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CNBC Daily Open: Rising oil prices reignite inflation fears

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This report is from today's CNBC Daily Open, our new, international markets newsletter. CNBC Daily Open brings investors up to speed on everything they need to know, no matter where they are. Like what you see? You can subscribe here.

What you need to know today

Markets under pressure
U.S. stocks fell Tuesday, weighed down by higher oil prices and rising Treasury yields. The pan-European Stoxx 600 closed 0.2% lower as economic data for the region came in mixed. Euro zone producer prices fell 7.6% in July from a year ago. But business activity in August dropped at the steepest rate in nearly three years, according to the HCOB/S&P Global Purchasing Managers' Index.

All eyes are on Arm
Chip designer Arm will list 95.5 million shares between $47 and $51 apiece, according to an updated filing for its initial public offering on the New York Stock Exchange. That gives the company a valuation of up to $52 billion. Tech giants like Alphabet, Apple, Nvidia and semiconductor companies like Intel, Samsung and TSMC are all interested in buying Arm shares.

More oil cuts until December
Saudi Arabia is extending its oil production cut of 1 million barrels per day until the end of the year, according to the state-owned Saudi Press Agency. Russia also pledged to reduce oil exports by 300,000 barrels per day until December 2023. Both Brent and West Texas Intermediate futures rose by a dollar to their highest levels since November.

'Hell of a good week of data'
Last week, we learned inflation is moderating as expected and the jobs market is loosening. Federal Reserve Governor Christopher Waller told CNBC it was "a hell of a good week of data" on the inflation front, which allows the Fed to "sit there, wait for the data, see if things continue" — suggesting the Fed might indeed keep rates unchanged at its upcoming September meeting. 

[PRO] Goldman cuts recession odds again
Goldman Sachs has cut its odds of the U.S. slumping into a recession from 20% to 15%, citing encouraging signs from recently released economic data. In turn, the investment bank thinks the possibility that the Fed will hike rates in September is "off the table." Here's what else the bank is saying about the U.S. economy and the trajectory of interest rates.

The bottom line

Even as Federal Reserve Governor Christopher Waller acknowledged to CNBC's Steve Liesman that inflation data has been encouraging lately, he emphasized it's more important to see if prices continue dipping in the long term.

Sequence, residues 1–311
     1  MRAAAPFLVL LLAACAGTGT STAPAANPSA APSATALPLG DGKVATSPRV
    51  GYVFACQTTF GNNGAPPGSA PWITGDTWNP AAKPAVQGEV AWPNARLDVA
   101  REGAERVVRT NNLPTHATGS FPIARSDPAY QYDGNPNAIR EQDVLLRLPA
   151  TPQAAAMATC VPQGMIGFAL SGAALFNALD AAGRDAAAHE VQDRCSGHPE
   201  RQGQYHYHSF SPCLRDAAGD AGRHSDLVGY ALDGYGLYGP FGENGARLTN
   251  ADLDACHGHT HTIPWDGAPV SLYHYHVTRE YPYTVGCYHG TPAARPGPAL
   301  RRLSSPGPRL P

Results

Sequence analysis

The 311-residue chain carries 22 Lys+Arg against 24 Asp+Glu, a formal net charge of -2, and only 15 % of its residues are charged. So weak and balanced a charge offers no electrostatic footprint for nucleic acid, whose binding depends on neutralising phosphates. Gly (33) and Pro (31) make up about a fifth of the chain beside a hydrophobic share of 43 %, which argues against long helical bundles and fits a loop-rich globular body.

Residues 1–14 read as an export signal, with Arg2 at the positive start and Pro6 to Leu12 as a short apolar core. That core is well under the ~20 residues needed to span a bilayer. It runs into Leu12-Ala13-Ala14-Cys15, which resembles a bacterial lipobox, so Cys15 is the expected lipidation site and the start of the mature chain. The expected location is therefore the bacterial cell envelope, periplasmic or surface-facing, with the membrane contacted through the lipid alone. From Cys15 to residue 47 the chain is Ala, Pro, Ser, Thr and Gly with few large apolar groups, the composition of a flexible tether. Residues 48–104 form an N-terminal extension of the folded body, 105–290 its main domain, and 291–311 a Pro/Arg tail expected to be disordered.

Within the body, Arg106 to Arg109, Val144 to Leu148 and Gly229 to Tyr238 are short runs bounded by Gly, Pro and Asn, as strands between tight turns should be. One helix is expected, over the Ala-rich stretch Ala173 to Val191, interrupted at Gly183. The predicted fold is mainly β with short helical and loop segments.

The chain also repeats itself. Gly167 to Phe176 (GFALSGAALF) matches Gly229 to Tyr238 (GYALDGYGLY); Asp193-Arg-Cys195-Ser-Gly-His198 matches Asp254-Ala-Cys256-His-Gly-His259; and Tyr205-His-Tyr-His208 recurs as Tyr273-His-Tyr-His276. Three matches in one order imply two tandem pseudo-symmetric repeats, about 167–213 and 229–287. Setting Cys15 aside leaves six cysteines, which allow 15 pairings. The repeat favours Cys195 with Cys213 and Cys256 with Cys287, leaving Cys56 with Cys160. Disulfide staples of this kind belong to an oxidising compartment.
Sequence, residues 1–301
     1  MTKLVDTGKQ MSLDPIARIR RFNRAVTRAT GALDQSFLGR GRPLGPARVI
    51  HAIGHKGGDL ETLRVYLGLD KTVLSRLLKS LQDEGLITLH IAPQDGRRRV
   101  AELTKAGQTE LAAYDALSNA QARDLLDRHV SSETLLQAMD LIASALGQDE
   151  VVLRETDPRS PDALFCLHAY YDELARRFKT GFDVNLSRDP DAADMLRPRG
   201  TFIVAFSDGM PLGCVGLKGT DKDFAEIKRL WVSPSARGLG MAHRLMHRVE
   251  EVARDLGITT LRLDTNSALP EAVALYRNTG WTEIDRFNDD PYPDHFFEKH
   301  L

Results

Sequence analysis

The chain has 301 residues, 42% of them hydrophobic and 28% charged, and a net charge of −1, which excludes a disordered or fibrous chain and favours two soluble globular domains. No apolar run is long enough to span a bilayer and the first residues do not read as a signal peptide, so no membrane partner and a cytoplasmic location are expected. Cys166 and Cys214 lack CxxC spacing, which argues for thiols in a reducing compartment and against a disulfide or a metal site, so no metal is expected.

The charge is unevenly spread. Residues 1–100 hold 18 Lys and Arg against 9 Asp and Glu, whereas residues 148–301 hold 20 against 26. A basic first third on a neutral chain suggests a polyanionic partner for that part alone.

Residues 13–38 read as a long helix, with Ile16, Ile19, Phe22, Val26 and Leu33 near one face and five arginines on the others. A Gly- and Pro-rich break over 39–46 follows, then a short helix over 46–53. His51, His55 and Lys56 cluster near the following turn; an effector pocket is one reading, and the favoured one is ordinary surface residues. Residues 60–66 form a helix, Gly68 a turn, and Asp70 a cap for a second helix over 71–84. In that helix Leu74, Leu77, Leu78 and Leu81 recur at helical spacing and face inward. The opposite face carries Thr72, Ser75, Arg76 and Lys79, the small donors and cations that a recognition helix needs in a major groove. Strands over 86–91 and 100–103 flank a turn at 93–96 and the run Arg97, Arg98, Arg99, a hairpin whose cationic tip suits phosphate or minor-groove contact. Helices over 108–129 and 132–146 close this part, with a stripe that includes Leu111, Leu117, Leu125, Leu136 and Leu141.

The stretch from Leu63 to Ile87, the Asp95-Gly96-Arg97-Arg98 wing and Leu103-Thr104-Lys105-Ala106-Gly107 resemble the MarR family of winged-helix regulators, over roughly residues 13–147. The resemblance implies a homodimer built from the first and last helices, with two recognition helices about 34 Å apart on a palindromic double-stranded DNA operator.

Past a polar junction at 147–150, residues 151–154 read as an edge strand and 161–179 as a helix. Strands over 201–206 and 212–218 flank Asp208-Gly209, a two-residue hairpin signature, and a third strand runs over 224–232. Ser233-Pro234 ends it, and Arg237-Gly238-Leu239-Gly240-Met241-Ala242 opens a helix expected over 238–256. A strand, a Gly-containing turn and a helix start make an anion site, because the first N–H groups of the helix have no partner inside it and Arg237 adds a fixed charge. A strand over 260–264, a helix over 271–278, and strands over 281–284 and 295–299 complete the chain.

"We got two good reports in a row," Waller said. The key now is to "see whether this low inflation is a trend or if it was just an outlier or a fluke."

With Saudi Arabia and Russia's oil production cuts, there's a danger that the previous months of low inflation might be an outlier. After the news broke, October contracts for WTI rose to $86.75 per barrel and November contracts for Brent hit $90.05 a barrel, the highest levels for both in 10 months.

"Rising oil prices really feeds into the story about inflation," said Bill Merz, head of capital market research at U.S. Bank Wealth Management. "And the story about inflation feeds into bond yields and a story about the Fed and what the Fed is going to do."

Indeed, U.S. Treasury yields climbed on the news, because stronger inflationary pressures suggest higher — or at least persistently high — interest rates for longer. The yield on the 10-year and 2-year Treasurys jumped around 9 basis points to close at 4.266% and 4.96% respectively.

Higher Treasury yields and rising oil prices were bad news for stocks (except for those in the energy sector, like Halliburton and Occidental Petroleum, which added more than 2%). Even Goldman's call that a U.S. recession is increasingly unlikely this year couldn't lift investors' sentiment.

Major indexes ended the first trading day of a holiday-shortened week lower. The S&P 500 lost 0.42%, the Dow Jones Industrial Average dropped 0.56% and the Nasdaq Composite slipped 0.08%. Additionally, the Russell 2000 index of small-cap stocks fell 2.1%, its worst performance since April 25.

It's only one data point — so it could be an outlier or a fluke, as Waller put it — but September, true to its reputation, already seems a tough month for stocks.

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